Russian Currency In CrisisMarket Outlook By Pepper Stone, Posted on December 17, 2014
Russia and the Ruble are firmly in crisis mode, after a laconic 100 basis point increase in the CBR’s interest rate failed to satisfy market participants. Since the central bank meeting, the Ruble has plummeted by over 20% against the US Dollar and the CBR has been forced to raise interest rates drastically to 17.00%, up from 10.50%.
Since the surprise rate increase, which sparked a short covering rally, sellers have come in force to the market as banks have moved to stop providing liquidity due to the risks involved. Because of the lower liquidity, spreads on Ruble pairs are much wider than normal and market movements are excessively volatile. Many brokers and banks have now ceased to provide a market for the currency as confidence wanes in the oil exporter’s ability to manage its monetary affairs.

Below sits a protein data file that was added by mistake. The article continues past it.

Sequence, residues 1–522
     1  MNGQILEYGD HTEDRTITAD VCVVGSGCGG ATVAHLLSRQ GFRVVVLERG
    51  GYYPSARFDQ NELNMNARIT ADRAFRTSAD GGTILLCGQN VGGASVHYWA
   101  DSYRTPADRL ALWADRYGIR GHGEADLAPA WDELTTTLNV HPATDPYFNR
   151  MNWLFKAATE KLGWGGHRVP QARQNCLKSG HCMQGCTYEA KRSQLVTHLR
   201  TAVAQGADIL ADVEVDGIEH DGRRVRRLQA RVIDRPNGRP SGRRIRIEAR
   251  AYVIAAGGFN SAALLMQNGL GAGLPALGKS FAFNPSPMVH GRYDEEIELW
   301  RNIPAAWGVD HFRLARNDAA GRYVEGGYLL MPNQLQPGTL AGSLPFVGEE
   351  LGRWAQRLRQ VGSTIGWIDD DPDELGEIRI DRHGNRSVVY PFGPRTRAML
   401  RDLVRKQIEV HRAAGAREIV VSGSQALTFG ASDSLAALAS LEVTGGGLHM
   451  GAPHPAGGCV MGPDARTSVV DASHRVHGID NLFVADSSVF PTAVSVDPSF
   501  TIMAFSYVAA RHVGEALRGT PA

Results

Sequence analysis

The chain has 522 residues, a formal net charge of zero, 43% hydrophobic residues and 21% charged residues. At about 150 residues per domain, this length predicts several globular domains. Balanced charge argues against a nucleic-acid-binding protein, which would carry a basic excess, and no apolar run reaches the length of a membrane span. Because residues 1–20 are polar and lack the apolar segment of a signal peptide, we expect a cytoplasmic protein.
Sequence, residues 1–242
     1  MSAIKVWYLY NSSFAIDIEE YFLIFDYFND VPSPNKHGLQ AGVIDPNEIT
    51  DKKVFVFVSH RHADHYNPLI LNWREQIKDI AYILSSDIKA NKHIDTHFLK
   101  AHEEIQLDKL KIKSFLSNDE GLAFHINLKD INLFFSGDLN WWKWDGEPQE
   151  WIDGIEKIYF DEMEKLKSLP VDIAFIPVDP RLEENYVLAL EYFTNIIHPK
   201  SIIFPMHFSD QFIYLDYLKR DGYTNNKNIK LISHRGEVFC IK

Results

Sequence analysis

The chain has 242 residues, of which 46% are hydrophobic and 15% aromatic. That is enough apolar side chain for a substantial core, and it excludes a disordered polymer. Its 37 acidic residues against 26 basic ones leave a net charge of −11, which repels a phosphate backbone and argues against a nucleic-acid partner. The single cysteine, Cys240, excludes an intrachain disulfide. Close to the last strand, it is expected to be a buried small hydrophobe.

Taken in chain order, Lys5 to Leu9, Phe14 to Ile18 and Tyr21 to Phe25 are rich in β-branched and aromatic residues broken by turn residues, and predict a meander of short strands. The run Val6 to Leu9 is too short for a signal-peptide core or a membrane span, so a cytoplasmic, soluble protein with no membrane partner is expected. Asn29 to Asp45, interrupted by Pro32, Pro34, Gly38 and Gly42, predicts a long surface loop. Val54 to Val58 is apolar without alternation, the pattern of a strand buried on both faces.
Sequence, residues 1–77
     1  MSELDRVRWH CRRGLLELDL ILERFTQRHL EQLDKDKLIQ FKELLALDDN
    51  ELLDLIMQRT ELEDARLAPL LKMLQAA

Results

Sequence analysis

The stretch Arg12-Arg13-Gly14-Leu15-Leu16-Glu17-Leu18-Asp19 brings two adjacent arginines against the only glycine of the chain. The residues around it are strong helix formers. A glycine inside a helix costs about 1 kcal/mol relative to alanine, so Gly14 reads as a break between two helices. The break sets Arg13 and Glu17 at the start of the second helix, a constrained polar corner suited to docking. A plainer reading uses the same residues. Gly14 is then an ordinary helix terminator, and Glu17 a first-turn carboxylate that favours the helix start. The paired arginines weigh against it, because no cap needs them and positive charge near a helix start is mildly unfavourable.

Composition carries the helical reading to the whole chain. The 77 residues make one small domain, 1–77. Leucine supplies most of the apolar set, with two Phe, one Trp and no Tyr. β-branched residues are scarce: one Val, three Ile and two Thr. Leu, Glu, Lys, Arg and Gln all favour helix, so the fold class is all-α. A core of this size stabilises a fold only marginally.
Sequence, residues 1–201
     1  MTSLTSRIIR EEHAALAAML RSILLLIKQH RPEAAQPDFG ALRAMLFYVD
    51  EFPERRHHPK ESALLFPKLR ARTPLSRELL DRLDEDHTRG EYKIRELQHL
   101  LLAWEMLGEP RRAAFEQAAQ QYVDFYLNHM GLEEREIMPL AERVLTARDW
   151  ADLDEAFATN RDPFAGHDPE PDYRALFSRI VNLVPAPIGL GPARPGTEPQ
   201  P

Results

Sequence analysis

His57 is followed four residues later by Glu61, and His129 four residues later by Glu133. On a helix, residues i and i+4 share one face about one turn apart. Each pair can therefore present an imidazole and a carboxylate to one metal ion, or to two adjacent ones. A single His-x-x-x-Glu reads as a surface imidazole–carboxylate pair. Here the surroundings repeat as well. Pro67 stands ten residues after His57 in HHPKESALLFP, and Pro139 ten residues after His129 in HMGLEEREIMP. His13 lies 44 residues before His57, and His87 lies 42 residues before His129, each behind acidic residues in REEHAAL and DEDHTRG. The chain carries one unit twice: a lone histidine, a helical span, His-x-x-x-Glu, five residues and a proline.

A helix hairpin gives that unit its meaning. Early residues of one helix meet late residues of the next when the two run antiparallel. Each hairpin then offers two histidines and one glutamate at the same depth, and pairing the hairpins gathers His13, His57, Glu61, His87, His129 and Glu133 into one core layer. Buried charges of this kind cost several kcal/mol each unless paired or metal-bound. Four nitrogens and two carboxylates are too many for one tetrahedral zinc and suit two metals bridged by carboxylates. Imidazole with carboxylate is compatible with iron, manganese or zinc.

USD/RUB rose to above 76, reaching even 80 on some platforms – indicating the lack of liquidity in the market. This year’s falls in the Ruble have been driven largely by falling oil prices and international sanctions. When an emerging market economy faces a depreciating currency it can cause a crisis in two ways; firstly, when a managed exchange rate regime is overwhelmed by persistent market pressure selling that currency and; secondly due to the tendency of emerging market economies to take on debt issuance in foreign currencies – predominantly in US dollars.While the Ruble has already succumbed to the first form of crisis, in that the managed exchange rate has given way to a more freely floating currency. The second form of crisis has not yet occurred, but Credit Default Spreads indicate that the Russian default rate has increased substantially – in excess of 30% according to market implied rates. This is occurring because Russia has a large portion of its external debt based in US dollars, making the coupon and principal payments more expensive as the Ruble falls lower – a vicious cycle which results in further selling of the Ruble. While the country does have substantial FX reserves with which it might make payments, the market is clearly taking the risk quite seriously. Echoes of the 1998 Russian crisis come to mind, and all eyes are on this currency pair, for which the market is drying up.
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